Monday, December 13, 2010

Off Season Adventures - Sourdough

Winter is fast approaching. The thermometer has dropped into the lower teens°F on and off for a couple weeks now. Hopes are dwindling for finding desirable mushrooms in the chilly outdoors. (Although, finding polypores to grind into powder for making tea is always a prospect, even in the dead of winter.) So, what is a mushroom nut to do in the off season?

I decided to have a go at making sourdough bread. Online discussions and research reveal limitless techniques and recipes. The first hurdle is to get a good starter going. You can beg, borrow or steal healthy starters from other breadheads, and this is undoubtedly the surest bet. But, not being one to listen to reason I decided to make a stab at starting my own starter.

Sourdough starter, as I understand it, is a live culture of both yeast and bacteria coexisting symbiotically in a nutritious medium of flour and water.The bacteria produce lactic acid giving sourdough its characteristic tangy taste, while the yeast do the leavening, allowing the dough to rise during baking. Without inoculation using a proven starter, you depend on the indigenous yeasts and bacteria floating around your native environment to do the inoculating. Although not a mushroom, yeasts are fungi, and so I think they are fair game for this blog.

My own particular environment is far from sterile. We live in the forest, and use wood from our yard to fire the woodstove for heat in the winter. There is no air filtration as with central air-conditioning or heating. I assume there are countless bacteria just waiting to feed off a floury broth. Yeasts too must be plentiful, but in this case I decided to include a wild persimmon to provide an indigenous yeast inoculant for the starter. As this is an experiment, good results are just speculation as of now.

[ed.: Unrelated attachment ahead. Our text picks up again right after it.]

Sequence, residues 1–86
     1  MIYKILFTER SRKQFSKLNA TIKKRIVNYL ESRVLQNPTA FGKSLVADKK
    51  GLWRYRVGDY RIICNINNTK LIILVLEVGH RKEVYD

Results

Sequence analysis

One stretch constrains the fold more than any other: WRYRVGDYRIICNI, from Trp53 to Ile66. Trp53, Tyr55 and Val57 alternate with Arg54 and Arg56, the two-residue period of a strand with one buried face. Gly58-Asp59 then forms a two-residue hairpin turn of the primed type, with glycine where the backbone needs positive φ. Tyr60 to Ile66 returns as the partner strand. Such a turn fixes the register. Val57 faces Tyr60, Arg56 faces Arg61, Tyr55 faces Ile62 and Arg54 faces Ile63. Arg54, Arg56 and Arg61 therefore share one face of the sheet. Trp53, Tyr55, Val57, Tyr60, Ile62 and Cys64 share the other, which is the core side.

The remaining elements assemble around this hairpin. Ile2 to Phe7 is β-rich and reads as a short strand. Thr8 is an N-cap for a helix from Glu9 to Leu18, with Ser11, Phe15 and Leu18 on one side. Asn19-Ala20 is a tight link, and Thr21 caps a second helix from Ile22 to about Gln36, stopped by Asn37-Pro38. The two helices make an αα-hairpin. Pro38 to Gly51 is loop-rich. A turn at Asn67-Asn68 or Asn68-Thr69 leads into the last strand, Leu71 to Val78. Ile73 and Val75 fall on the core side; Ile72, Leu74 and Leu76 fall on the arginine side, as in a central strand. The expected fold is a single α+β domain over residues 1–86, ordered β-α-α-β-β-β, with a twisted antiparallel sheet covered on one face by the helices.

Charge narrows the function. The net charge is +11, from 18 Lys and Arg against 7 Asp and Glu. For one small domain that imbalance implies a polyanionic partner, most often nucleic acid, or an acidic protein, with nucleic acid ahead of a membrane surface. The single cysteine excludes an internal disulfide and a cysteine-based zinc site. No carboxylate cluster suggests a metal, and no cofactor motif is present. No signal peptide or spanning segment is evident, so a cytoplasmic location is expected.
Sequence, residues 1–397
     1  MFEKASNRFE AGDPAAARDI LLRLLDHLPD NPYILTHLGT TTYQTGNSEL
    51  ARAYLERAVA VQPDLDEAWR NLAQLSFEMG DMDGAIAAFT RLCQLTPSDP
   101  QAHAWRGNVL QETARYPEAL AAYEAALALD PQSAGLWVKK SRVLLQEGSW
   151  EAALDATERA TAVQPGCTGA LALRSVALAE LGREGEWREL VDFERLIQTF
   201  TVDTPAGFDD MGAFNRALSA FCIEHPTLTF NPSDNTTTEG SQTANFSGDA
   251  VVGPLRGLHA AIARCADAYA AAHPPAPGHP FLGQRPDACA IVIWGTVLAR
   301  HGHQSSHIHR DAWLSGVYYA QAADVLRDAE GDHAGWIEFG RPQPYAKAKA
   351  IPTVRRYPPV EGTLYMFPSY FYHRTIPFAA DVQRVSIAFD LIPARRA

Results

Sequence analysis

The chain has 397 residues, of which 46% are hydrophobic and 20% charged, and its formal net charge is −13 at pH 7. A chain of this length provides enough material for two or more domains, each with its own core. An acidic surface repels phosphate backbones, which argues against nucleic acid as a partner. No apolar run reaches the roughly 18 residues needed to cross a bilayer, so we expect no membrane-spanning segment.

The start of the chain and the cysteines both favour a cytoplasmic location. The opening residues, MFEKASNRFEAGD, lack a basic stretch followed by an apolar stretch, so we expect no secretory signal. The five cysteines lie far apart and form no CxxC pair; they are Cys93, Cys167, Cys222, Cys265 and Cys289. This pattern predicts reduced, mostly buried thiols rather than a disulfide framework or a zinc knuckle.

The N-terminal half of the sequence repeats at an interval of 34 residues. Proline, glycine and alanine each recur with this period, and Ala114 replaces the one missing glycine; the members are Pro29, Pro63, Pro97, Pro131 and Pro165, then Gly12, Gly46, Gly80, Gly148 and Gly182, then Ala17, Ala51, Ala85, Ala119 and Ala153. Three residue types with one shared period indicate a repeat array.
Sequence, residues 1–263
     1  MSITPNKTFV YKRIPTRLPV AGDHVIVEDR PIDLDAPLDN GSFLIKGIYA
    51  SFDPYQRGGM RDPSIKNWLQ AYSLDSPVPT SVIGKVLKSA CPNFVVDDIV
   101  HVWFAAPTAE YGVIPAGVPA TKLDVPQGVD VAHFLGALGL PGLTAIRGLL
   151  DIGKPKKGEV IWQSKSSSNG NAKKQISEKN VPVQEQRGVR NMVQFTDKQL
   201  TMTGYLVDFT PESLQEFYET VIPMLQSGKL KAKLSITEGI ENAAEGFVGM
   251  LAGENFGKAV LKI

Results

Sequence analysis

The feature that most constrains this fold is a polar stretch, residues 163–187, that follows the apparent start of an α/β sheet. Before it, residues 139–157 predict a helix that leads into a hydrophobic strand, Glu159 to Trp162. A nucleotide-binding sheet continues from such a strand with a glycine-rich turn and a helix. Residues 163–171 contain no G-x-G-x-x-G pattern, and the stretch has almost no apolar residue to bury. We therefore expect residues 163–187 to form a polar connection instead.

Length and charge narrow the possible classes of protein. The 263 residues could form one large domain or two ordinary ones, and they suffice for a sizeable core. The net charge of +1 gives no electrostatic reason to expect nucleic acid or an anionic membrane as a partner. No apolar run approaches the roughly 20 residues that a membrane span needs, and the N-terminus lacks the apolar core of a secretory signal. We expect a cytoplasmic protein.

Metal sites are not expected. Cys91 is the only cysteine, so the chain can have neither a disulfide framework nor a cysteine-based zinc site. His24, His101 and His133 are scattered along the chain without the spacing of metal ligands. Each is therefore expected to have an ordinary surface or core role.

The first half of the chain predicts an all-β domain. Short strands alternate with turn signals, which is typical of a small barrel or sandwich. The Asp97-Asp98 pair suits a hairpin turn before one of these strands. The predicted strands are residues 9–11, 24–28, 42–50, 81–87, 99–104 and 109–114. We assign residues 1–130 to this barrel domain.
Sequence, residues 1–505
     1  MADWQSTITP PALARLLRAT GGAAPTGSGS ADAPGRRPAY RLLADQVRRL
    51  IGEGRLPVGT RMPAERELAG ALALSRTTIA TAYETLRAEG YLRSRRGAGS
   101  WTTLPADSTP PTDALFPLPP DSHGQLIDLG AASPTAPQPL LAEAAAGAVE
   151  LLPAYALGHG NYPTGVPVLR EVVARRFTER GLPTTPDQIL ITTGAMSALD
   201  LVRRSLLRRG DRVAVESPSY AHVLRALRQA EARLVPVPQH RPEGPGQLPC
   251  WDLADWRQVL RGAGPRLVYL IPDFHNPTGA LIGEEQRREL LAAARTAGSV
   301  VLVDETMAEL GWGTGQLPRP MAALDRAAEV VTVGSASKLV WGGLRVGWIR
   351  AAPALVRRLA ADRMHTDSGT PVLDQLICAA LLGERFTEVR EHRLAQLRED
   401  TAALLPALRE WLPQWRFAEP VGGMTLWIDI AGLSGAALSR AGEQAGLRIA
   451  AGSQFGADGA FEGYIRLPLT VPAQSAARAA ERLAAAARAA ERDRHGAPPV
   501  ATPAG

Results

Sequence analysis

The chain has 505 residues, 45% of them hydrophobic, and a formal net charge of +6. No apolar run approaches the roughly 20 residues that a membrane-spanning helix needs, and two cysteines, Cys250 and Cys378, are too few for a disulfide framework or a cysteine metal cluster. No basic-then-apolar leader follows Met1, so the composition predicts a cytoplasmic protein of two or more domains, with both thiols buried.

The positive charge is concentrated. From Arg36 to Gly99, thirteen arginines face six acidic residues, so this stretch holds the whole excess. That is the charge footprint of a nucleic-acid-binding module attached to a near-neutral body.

Here's a photo of the persimmon showing a whitish "bloom" on the skin. Supposedly, native yeasts can be found adhering to this thin layer.
Wild persimmon showing whitish bloom

Small pieces were cut from the persimmon and included in the starter, which consisted 1/2 cup organic dark rye flour, 1/2 cup whole wheat flour, and 1 cup spring water. My hope is the small pieces of wild persimmon will act as islands of yeast populations from which a diaspora of yeast emigrants will depart their homeland to populate the sea of floury broth in which they now find themselves.

Here's the sourdough starter after the third day. It doesn't look very active, only a few bubbles. The aroma is good, smells of sweet wheat flour and slightly sour. The taste is definitely sour. On the 2nd and 3rd day, half the starter was discarded and replaced with fresh whole wheat and rye flour and water. The starter is in a covered bowl sitting over on the side of the fireplace hearth for warmth.

Sourdough starter

Ok, it's been a week since the starter got started, and it's really showing some action. There are many, many bubbles, and an aroma that is heady and good. The volume of the starter seems to expand after a fresh flour addition. Flour additions have been switched over to all-purpose white flour, but you can still see some of the rye and whole wheat flour in the starter. I ordered a 10.5" round proofing basket, and a 9" baking stone that will fit comfortably in the dutch oven. These haven't arrived yet. Here's the starter.
One week old sourdough starter from scratch

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